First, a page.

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Bosnia election officials investigate possible vote-rigging

Bosnia’s election commission president, Suad Arnautovic, said Friday the body had to order the unsealing of ballot boxes and vote recounts at around 1,000 polling stations —16% of all such locations in the country.

SARAJEVO, Bosnia-Herzegovina (AP) — Bosnia’s election authorities expressed concerns Friday over widespread problems at polling stations and reports of irregularities and vote-rigging in the general election last weekend. They ordered ballot checks at over 1,000 polling stations and promised to investigate all potential failings before certifying the results of the vote.

Members of the country’s central, multi-ethnic election commission shared their concerns a day after thousands of people protested in Banja Luka, the main city in Bosnia’s Serb-run part, alleging that a pro-Russia Bosnian Serb leader, Milorad Dodik, rigged the vote on Sunday to win the position that he sought.

Dodik, the most powerful Bosnian Serb politician since 2006, denied the allegations, including a claim by protesters that poll workers loyal to his political party, SNSD, had altered vote tallies to reduce the number of ballots cast for his contender, Jelena Trivic, and hand him the victory.

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Bosnia’s election commission president, Suad Arnautovic, said Friday the body had to order the unsealing of ballot boxes and vote recounts at around 1,000 polling stations —16% of all such locations in the country. He said that's because poll workers there “did not do their job in accordance with the law.”

“They failed to fill out necessary forms…(and) some of their vote tallies were contrary to the rules of mathematics,” he said.

Ballots and other election material from the affected polling stations, spread over 60 different cities and municipalities, were being shipped to the central vote counting center in the capital of Sarajevo to be further examined, Arnautovic said.

Bosnia’s general election included races for different levels of government in one of the world’s most complicated institutional set-ups. Bosnia's political structure was agreed upon in a U.S.-sponsored peace deal that ended more than 3½ years of bloodshed in the 1990s between its three main ethnic groups: Muslim Bosniaks, Orthodox Serbs and Catholic Croats.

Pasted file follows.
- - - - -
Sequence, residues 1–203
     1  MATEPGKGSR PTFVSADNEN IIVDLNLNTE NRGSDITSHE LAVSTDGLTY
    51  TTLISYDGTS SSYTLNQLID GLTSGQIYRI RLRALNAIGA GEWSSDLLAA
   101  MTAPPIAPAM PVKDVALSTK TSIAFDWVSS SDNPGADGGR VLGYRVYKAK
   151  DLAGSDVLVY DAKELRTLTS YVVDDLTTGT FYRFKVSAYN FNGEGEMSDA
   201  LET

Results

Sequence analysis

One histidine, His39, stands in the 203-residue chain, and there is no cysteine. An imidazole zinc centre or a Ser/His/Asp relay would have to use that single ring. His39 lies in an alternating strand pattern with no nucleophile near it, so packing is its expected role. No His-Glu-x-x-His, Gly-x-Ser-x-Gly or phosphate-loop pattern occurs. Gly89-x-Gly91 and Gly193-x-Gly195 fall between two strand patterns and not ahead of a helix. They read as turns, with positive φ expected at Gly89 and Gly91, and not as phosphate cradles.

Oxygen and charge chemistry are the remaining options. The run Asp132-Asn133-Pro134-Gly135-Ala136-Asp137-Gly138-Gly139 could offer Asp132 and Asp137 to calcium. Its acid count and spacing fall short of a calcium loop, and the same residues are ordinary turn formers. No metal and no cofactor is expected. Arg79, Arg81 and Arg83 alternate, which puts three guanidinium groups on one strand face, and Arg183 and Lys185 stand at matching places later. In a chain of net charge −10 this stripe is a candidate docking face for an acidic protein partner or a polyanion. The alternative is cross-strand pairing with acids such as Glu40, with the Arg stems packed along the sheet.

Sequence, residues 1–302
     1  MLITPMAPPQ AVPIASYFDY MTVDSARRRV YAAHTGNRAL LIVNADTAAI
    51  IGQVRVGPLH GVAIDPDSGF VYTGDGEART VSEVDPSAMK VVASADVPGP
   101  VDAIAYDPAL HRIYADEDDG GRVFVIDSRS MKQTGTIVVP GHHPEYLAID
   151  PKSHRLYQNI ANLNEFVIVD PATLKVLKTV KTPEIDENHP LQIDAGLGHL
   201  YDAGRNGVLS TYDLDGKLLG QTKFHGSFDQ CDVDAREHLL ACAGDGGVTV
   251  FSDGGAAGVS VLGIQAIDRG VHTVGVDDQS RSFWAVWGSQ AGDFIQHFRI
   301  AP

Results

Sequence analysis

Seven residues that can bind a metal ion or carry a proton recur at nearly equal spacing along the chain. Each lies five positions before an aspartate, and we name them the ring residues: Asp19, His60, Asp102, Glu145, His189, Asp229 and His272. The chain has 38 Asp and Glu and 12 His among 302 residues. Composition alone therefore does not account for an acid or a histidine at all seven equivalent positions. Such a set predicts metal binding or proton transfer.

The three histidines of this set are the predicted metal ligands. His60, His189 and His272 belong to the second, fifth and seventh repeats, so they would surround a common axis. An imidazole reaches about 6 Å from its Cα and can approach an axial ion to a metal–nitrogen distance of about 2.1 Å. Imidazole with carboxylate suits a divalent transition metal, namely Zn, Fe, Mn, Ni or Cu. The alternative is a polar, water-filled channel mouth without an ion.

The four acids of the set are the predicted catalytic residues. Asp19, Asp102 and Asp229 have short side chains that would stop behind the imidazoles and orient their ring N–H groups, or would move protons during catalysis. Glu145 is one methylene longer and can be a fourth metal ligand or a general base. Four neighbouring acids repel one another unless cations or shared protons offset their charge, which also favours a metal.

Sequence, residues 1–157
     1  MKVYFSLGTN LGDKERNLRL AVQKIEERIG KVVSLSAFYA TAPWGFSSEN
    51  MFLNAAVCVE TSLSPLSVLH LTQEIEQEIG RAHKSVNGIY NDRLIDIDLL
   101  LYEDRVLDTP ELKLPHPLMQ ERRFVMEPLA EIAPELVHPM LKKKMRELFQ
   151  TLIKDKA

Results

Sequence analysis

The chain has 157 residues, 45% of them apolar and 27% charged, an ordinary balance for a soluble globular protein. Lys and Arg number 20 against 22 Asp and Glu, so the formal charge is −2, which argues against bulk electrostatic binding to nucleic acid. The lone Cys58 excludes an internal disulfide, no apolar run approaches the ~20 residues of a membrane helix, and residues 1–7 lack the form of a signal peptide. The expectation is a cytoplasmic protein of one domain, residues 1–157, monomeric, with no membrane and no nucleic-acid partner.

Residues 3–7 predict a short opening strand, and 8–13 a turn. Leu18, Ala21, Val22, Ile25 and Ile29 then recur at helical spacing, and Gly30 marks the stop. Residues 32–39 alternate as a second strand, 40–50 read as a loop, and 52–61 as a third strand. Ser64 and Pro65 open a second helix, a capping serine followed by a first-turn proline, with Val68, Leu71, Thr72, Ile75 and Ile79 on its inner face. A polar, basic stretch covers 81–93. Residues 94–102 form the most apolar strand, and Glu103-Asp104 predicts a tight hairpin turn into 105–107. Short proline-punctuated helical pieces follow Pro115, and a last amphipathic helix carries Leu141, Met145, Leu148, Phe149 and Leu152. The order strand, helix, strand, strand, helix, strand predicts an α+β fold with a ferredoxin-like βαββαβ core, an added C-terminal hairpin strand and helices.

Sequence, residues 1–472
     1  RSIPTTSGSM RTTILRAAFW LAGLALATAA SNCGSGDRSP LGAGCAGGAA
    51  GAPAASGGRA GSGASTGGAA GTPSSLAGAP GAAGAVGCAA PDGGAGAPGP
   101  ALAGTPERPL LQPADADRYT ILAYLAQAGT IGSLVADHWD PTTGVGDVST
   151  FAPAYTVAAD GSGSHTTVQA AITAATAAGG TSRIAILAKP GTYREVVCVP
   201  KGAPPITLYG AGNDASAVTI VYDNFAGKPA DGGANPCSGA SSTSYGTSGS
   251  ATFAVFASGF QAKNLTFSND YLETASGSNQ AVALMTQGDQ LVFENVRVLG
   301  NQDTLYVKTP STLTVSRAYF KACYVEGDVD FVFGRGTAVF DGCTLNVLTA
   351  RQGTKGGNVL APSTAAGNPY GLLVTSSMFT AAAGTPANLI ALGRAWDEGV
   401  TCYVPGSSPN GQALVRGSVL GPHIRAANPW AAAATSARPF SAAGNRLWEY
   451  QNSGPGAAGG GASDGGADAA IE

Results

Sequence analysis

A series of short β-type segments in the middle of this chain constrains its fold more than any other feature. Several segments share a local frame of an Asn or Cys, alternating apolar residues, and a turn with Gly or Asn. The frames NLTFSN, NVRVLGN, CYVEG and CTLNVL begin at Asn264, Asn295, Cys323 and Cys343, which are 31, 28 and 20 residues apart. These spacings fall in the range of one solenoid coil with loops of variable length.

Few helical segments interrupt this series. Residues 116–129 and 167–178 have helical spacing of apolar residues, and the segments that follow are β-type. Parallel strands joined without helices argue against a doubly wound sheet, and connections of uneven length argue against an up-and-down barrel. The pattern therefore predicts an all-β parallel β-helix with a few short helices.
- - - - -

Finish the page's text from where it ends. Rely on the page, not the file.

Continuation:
The peace agreement divided the country into two highly independent governing entities — Serb-run Republika Srpska and the other shared by Bosniaks and Croats. Each entity has its own president, parliament and government, but the two are linked by shared, multi-ethnic institutions.

The election on Sunday included contests for the three members of Bosnia’s shared, multi-ethnic presidency, parliament deputies at different levels of governance and the president of Republika Srpska, which Dodik was running for.

Under Bosnia’s electoral rules, votes are counted at polling stations by poll workers who are appointed by the country’s central election commission but are all nominated by political parties and coalitions that are running in an election. The central election commission collects poll station tallies, examines them for irregularities and runs recounts where necessary before certifying the results of a vote.

The commission has for years called for electoral law reforms, insisting that appointments of poll workers by political parties increases the risk of vote-rigging.

“I fear that many polling station committees will be the subject of criminal investigations,” said Irena Hadziabdic, a commission member.

However, she added: “Rest assured that (the central election commission) will not undermine our own integrity…we will do our best to investigate all complaints and irregularities.”

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